So as you may have noticed, it's about more than just Hispanic Heritage Month, and it's about more than advertising. It's about creating a real connection--a connection that truly matters--to communities and to consumers.

Of course, as a native Seattleite I'm partial to Nordstrom, which got its start as a Seattle shoe store in 1901. But I think this is one company that can proudly serve as a model of diversity. Oh, and here's more information on its Hispanic Heritage Month promotion this year.

Wednesday, September 8, 2010

What's Appropriate? Understanding Cultural Cues

It's amazing what people *think* is appropriate.

We all have our ideas about what is, and isn't appropriate, and they're usually based on context. When a guy would ask my then college-aged sister to dance, her response would be "that's not appropriate." That usually had them backing away, confused. Why is that not appropriate? (And how do you respond to that, anyway?) As it turns out, she just liked dancing by herself.

Knowing that our individual sense of what's appropriate, relevant--and that behavior or those words which send the same message we're intending to send--can vary within a culture, just imagine the mistakes that are made when working cross-culturally.

I'll never forget about a beautiful gift of flowers my Japanese friend received. Her all-American boyfriend surprised her with an impressive bouquet of fresh mums. She was less than pleased, and that was confusing to me because it was a lovely, considerate gesture. (If only all guys were so inclined, I thought!)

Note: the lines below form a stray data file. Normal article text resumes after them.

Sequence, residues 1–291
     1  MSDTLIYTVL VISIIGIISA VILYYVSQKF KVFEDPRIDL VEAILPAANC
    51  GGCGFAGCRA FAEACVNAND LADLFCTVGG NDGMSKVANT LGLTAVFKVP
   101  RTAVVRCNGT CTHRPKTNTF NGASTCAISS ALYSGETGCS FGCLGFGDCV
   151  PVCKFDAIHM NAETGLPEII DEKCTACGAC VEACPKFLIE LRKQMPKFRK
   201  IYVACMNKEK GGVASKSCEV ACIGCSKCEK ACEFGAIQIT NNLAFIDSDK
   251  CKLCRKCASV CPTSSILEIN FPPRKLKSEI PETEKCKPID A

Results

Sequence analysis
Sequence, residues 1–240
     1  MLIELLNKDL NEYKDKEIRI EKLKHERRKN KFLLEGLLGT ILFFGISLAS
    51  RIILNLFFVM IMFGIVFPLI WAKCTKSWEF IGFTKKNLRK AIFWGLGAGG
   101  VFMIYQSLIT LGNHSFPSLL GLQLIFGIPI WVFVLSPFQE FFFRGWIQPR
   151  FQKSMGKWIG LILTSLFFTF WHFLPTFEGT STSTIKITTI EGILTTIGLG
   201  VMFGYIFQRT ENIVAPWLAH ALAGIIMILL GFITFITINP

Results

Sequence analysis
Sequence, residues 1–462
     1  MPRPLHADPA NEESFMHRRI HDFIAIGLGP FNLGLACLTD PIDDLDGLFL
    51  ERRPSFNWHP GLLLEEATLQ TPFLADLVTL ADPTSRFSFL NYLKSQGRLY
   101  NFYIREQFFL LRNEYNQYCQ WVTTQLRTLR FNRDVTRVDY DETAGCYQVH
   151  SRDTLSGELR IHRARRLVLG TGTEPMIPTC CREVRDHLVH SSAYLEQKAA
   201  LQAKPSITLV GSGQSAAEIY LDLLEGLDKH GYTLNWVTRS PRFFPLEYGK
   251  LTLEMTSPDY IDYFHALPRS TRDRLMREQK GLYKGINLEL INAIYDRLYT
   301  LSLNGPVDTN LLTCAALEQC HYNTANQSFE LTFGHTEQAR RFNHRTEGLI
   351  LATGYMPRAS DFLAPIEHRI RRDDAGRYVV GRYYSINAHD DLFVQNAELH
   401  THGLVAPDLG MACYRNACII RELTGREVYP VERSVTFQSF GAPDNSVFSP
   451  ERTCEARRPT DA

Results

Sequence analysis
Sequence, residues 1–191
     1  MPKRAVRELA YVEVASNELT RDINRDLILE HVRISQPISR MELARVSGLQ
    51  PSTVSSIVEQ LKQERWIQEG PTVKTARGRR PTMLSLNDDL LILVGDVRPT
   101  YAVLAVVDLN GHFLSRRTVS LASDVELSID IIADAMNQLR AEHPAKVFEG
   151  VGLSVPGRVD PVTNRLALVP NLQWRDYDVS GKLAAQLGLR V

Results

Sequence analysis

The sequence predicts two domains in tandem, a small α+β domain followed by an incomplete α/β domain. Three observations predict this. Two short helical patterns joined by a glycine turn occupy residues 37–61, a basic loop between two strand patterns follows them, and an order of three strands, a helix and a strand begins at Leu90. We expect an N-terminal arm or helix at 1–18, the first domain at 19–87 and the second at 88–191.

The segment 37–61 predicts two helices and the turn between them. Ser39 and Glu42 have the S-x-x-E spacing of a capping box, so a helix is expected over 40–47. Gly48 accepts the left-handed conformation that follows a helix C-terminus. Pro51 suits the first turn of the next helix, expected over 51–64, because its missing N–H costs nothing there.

Turns out, chrysanthemums are funeral flowers in her native Japan--an important piece of knowledge for anyone courting someone from Japan, I'd say!

And speaking of Asian cultures, I just read a novel, Hotel on the Corner of Bitter and Sweet (a surprising view into the wartime treatment of Seattle's Japantown residents, a subject that just wasn't taught when I was a kid growing up here). Samantha, a Caucasian engaged to Marty, a Chinese American, is trying to win over his father. She goes to Uwajimaya to buy ingredients for traditional Chinese dishes like choy sum and black-bean crab, to which the father smiles approvingly. Then she announces the green tea ice cream she purchased for dessert. Pregnant pause.

Green tea ice cream is not Chinese, but Japanese, but based on her earlier victories the father tries to let it go.

If you are marketing to a specific group and truly understand what makes that demographic tick, you can capture their hearts--much like Samantha captured her future father-in-law's heart by preparing traditional Chinese dishes that he remembers growing up with. Then, even if there's a slip, consumers may maintain loyalty based on your history of "victories."

Of course the contrary is true as well: Companies can easily push away their consumers by not doing their homework and learning about what truly captures the hearts and minds of their target demographic.